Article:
Renewable energy storage costs need to drop 90%, says US study


A new study suggests that technologies with storage capacity costs below US $20/kWh will almost guarantee a 100% renewably supplied electricity system, representing a near 90% reduction in costs of materials and manufacturing.


The study, titled the Storage requirements and costs of shaping renewable energy toward grid decarbonization, published last week in the journal Joule by researchers at the Massachusetts Institute of Technology (MIT), has found that a large drop in costs is required for future energy storage systems.

Costs and analytics in the paper only relate to four US locations: Arizona, Iowa, Massachusetts and Texas.

Senior author of the paper, Jessika Trancik said, “Quantifying cost targets for energy storage required a new piece of insight about how patterns of the renewable energy supply, and fluctuations in this supply compare to electricity demand profiles.”

The large shortage periods that can occur in wind and solar generation “are critical in determining how much storage is needed for renewables to reliably meet demand,” says Trancik.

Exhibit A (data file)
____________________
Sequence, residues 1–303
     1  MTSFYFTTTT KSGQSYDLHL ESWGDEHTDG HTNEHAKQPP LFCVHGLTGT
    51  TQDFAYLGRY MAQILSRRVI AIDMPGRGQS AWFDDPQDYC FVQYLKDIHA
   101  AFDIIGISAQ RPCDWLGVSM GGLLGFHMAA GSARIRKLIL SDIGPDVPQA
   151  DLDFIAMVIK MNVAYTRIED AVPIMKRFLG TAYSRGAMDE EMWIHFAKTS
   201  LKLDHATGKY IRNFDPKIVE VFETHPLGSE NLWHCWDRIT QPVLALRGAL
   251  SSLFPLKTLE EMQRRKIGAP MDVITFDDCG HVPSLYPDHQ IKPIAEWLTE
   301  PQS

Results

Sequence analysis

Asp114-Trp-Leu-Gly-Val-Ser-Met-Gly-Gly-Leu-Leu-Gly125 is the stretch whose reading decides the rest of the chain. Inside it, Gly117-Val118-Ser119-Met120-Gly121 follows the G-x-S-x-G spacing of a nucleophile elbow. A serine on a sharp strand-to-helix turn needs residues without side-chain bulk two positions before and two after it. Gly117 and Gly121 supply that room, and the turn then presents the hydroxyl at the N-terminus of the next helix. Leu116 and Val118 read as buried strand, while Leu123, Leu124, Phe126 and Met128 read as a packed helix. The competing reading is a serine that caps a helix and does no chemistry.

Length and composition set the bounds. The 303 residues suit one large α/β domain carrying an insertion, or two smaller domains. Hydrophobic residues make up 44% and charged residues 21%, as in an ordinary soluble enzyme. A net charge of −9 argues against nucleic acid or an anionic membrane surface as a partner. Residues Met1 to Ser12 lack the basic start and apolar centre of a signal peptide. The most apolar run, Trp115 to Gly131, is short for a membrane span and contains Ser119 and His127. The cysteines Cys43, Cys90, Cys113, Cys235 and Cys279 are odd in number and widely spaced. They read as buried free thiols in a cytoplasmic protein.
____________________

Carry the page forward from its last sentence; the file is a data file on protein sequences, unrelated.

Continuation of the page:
This consideration encouraged the study’s authors to consider data over 20 years, which revealed disparities in demand and potential renewable supply, as well as the need for energy storage.

“The trick,” said Trancik, “is to figure out how to supply electricity for the remaining 5% of hours. This could potentially be accomplished with supplemental generation technologies, or perhaps demand-side management.”

“This work’s novel contribution is to estimate the costs of using wind and solar energy with storage to reliably supply various output profiles,” write the authors.


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